May 01, 2018 92




"Each tree has a story to tell," says third-generation wood turner Matt Moulthrop. He and his father, Philip, bring their artistic vision and modern techniques to the traditional craft, now a widely respected art form. Native Southeastern trees including ash leaf maple and tulip poplar are turned and shaped to form sleek vessels that maintain the innate beauty of the wood. Moulthrop pieces can viewed in permanent collections in museums and galleries across the world.


During the late 1930s and early 1940s, Ed Moulthrop studied the general arts, including drawing and watercolor painting. He developed an early love for working with wood, which would eventually lead to his success as an artist. He bought his first lathe when he was sixteen and over the years was able to get his hands on larger ones to turn larger pieces. As he began to refine his turned vessels he began to attract a good size audience, an audience that included well-known people in the art community and even United States President, Jimmy Carter.

Moulthrop's vessels are admired for a number of reasons. Their scale is larger than most other pieces. It was not uncommon to see him turning a large, 5-foot-tall piece on the lathe in his home workshop. Because of these large-scale projects, Moulthrop had to invent a lot of his own tools, the same tools that would later be featured in several wood arts magazines. Another innovation of his was his use of polyethylene glycol (PEG) to prevent cracking in his more advanced pieces. His turned wood pieces are coated with a clear finish that are as smooth as glass. This later characteristic helped some of his vessels find their way into collections of well-known glass collectors.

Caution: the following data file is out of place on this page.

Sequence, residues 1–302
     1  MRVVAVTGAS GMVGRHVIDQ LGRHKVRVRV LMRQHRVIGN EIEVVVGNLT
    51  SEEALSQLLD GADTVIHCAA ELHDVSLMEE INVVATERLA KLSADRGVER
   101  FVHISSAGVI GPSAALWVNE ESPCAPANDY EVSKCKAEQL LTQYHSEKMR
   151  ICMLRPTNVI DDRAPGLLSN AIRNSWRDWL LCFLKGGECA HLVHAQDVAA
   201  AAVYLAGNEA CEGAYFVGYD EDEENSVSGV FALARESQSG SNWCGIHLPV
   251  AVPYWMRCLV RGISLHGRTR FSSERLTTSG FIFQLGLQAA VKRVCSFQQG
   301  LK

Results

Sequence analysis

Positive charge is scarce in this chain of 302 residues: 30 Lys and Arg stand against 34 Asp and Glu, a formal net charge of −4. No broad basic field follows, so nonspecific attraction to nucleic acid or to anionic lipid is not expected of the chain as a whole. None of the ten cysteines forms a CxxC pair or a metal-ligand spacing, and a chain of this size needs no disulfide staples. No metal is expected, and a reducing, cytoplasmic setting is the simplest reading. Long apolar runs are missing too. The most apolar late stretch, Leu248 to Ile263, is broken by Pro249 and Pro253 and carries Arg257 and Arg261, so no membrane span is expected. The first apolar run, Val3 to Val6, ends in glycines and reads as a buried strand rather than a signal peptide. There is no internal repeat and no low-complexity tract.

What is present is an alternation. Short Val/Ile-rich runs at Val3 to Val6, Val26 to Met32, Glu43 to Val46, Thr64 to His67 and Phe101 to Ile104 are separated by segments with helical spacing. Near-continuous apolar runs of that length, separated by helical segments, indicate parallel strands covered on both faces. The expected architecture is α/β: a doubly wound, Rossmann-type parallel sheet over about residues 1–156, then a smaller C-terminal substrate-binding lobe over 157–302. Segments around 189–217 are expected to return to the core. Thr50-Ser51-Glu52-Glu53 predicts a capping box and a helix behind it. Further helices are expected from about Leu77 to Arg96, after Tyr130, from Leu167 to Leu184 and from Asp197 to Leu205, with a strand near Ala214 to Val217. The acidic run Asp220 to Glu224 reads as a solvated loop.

Today, Ed Moulthrop is recognized as the father of modern wood turning, and credited with moving wood turning from a simple craft to an art form. His vessels have become prized pieces of private collections as well as fixtures in galleries, museums such as the Museum of Modern Art and the Metropolitan Museum of Art in New York, Chicago Art Institute, Renwick Gallery, New Britain Museum of American Art, Smithsonian Institution and the Boston Museum of Fine Arts, to name a few. One of his pieces was even shown in the White House Collection of American Crafts.


Father-son duo Philip and Matt Moulthrop continue the tradition of Ed began so many years ago, bringing a modern, distinctive vision to the traditional art of wood turning. While their artwork can be found in galleries across the country, these one-of-a-kind pieces are exclusive to Gump's in northern California.


Gump’s significant role in supporting contemporary artists dates back to the 1870s, and we continue that tradition to this day. Carefully selected for their unique and innovative creations, our designers, like Philip & Matt Moulthrop, are among the finest in the industry. Shop our exclusive Moulthrop collection at our retail store located at 135 Post Street in San Francisco.